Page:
I was asked recently by a reader when a painting can be varnished? I don't know.
Well OK, I kinda know, but its complicated. The real answer depends on who you ask. Like much of the rest of life.
WHEN YOU CHOOSE YOUR ADVISERS YOU CHOOSE YOUR ADVICE
(that might make a great neck tattoo) When you read the official "how to" texts they suggest waiting about six months or a year. I have no idea at all how I could actually do that. I don't see how any professional artist could. But if you can make a painting, store it for a year and then varnish it, that's what you should do.
I have heard some painters say that if the painting is only days old it is OK to varnish it ,because the varnish gets incorporated into the paint film as a cohesive unit. Maybe, but I think that defeats the idea of varnish in that it wouldn't be removable. Varnish is like the wax on your car, it takes the beating instead of the paint and then you strip it away and put a new coat on now and then.
But the reason we painters use varnish is that it restores the look of fresh paint to the art. As an oil painting drys it goes matt in some areas and the color fades a little bit. Putting a gloss on the surface fixes that. Here is a post on varnish incidentally. We want the painting to look colorful and fresh because we want to SELL it. We cannot afford to wait for six months to a year. Pretty much everyone I know varnishes their new paintings, often with retouch varnish.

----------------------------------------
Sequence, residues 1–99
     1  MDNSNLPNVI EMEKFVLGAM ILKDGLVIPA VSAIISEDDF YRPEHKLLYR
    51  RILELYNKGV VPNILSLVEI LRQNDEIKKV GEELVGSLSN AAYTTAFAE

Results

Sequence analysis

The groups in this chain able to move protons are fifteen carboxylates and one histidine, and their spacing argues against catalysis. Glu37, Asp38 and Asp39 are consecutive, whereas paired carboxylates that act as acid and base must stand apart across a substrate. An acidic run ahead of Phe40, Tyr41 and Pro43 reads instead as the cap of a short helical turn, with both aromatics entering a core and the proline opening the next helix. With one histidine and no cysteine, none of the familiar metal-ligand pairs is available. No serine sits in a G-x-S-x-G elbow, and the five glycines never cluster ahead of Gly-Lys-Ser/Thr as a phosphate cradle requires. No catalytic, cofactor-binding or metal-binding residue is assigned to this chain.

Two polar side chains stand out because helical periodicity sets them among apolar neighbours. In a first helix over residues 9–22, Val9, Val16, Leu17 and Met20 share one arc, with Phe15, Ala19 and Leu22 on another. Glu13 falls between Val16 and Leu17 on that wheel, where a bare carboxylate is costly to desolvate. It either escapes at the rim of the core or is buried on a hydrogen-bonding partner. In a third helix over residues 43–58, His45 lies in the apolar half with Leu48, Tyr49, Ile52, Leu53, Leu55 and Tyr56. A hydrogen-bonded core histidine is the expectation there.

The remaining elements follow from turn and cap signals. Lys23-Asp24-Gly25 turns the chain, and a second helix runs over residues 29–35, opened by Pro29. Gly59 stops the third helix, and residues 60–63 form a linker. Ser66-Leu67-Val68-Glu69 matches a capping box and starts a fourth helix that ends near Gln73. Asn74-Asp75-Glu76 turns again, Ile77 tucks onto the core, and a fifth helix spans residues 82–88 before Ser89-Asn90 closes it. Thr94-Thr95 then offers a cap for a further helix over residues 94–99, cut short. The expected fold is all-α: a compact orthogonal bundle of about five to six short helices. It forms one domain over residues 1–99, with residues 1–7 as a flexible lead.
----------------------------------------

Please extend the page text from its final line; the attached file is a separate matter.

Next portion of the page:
I am not a paint chemist, and I am sure some one who reads this blog is, or a restorer, you are free to weigh in.
Here's an interesting bit of historical ephemera. In the 19th century salons, the day before the show opened was called varnishing day. Artists would be allowed to come into the exhibition space and varnish their work so it would show well. There are many stories of artists retouching their paintings etc on theses days. But I bring it up for another reason. I believe that then as well as now artists worked on pieces for an exhibition up to the last minute, if they didn't there would in fact be no need for a varnishing day as the paintings would have been done and varnished a year before. I think many were delivered wet or near wet and that is why they needed to dry and be varnished. I have had the same problem myself and solved it by visiting the showplace and varnishing my painting the day before the show opened. Therefore even 19th century academicians, master of technique, were certainly varnishing not only new paintings, but their masterpieces without waiting the requisite six months.
My conclusion is , if you can wait for six months do, but I don't see how a pro out in the market can. I varnish them because I have to. What you do is up to you and I take no responsibility for your results. Lets forget I even brought it up, OK?